“The threat of political violence that most Americans find abhorrent, the idea that you would use violence to advance your political means, is something that almost all Americans unite and that we can all agree against, and obviously we have terrible ones.” Seeing things just happened recently,” Dunn said.

Referring to Biden’s remarks, she said the Democratic president “will be very clear tonight that he’s speaking to people who don’t agree with him on any issues, who disagree with his agenda, but who can really unite behind this idea of ​​this.” fundamental value of democracy.”

MORE: CA Rep. Khanna condemns Pelosi attack and says any threat of political violence is ‘unpatriotic’

“What we are seeing is an alarming number of Republican officials indicating they will not accept the results of this election,” White House press secretary Karine Jean-Pierre said.

“This is not a regular time,” she added. “He will call out everything.”

Ahead of Biden’s speech, US Capitol Police Chief Tom Manger said he reviewed the attack on Pelosi’s husband and believes today’s political climate, after a massive increase in threats against lawmakers after Jan. 6, warrants more resources and better security for the Members of Congress are calling for a rare call to stop the acrimonious conspiracy talk that has swirled around the attack.

“Our brave men and women are working around the clock to fulfill this urgent mission at this divisive time,” he said in a statement. “Meanwhile, one significant change that will have an immediate impact is for people across our country to lower the temperature of political rhetoric before it’s too late.”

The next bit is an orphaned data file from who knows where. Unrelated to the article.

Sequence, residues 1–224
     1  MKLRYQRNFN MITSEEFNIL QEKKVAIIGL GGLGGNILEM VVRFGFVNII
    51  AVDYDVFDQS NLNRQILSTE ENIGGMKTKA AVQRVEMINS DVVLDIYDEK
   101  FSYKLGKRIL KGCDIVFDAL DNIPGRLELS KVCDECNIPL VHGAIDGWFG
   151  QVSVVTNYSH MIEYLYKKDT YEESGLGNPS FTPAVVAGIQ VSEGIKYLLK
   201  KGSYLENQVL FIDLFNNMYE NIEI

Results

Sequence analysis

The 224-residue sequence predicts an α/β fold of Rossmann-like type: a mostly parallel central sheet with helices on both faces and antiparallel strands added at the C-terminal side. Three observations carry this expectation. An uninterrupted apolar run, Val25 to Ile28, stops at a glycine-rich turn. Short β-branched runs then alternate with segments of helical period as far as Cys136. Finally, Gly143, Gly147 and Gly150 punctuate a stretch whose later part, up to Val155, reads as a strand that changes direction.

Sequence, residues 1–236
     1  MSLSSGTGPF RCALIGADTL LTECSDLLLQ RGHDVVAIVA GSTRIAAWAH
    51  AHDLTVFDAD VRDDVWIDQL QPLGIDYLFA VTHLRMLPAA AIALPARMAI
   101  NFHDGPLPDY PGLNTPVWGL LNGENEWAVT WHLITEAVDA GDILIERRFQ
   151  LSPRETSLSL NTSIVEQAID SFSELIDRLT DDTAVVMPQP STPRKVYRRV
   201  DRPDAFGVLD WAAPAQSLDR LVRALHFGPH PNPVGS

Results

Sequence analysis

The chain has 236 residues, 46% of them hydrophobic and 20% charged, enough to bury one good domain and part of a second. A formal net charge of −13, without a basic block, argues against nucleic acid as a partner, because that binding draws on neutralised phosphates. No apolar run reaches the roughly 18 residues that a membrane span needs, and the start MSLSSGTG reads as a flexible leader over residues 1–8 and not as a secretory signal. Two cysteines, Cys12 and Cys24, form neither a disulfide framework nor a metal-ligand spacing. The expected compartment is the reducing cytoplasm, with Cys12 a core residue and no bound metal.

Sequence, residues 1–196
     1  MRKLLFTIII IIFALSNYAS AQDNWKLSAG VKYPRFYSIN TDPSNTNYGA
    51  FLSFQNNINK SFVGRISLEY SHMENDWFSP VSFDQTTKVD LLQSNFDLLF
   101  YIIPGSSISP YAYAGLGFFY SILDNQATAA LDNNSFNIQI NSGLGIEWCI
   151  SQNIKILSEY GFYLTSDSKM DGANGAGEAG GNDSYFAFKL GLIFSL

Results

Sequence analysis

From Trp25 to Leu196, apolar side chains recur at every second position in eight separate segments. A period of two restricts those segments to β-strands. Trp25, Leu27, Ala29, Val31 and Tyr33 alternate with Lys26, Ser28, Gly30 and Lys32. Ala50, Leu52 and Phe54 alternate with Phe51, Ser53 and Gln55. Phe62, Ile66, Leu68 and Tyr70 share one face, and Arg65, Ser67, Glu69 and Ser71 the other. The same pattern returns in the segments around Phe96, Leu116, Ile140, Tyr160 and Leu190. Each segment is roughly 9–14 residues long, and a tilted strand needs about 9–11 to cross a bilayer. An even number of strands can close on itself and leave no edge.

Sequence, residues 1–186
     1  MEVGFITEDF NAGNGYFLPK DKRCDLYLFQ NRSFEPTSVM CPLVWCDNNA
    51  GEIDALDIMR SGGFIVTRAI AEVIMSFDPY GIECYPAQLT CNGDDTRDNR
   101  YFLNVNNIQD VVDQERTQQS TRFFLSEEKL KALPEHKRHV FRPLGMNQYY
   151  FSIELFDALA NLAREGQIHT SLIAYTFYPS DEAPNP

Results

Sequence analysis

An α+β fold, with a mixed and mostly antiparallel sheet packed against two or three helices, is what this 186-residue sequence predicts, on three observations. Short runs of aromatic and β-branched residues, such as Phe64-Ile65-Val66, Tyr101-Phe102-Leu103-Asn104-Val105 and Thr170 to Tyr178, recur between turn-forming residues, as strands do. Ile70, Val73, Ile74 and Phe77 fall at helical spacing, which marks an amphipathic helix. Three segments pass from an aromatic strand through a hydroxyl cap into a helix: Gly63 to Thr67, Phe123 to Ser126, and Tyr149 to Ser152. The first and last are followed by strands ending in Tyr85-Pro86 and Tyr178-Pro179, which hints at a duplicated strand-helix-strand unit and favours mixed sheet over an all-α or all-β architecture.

MORE: Data shows threats against lawmakers are escalating, more than doubling since 2017

Biden last delivered a prime-time speech outside Independence Hall in Philadelphia on Sept. 1 about what he called the “continued battle for the soul of the nation,” in which he criticized the “MAGA forces” of Donald Trump and his supporters condemned threat to the American system of government.

“They foster authoritarian leaders and ignite political violence that threatens our individual rights, the pursuit of justice, the rule of law and the very soul of this country,” Biden said at the time.

The new comments come as hundreds of candidates who falsely contested the legitimacy of the 2020 presidential election are on ballots across the country, many poised to be elected to crucial roles in election oversight.

Unlike September’s remarks, which drew criticism from some quarters for being paid for by taxpayers, Biden’s speech Wednesday night will be hosted by the Democratic National Committee.

“The President will address the threat posed by voter deniers and those who seek to undermine confidence in elections and democracy, and the commitment to our democracy, in next week’s election,” the DNC said.

Many Americans remain pessimistic about the state of US democracy. An October poll by the Associated Press-NORC Center for Public Affairs Research found that just 9% of adults think democracy works “extremely” or “very well,” while 52% say it doesn’t work well.

Copyright © 2022 by The Associated Press. All rights reserved.

https://6abc.com/election-day-2022-joe-biden-paul-pelosi-attack-midterm/12410490/ With election 6 days away, President Biden implores voters to save democracy from lies, violence

Alley Einstein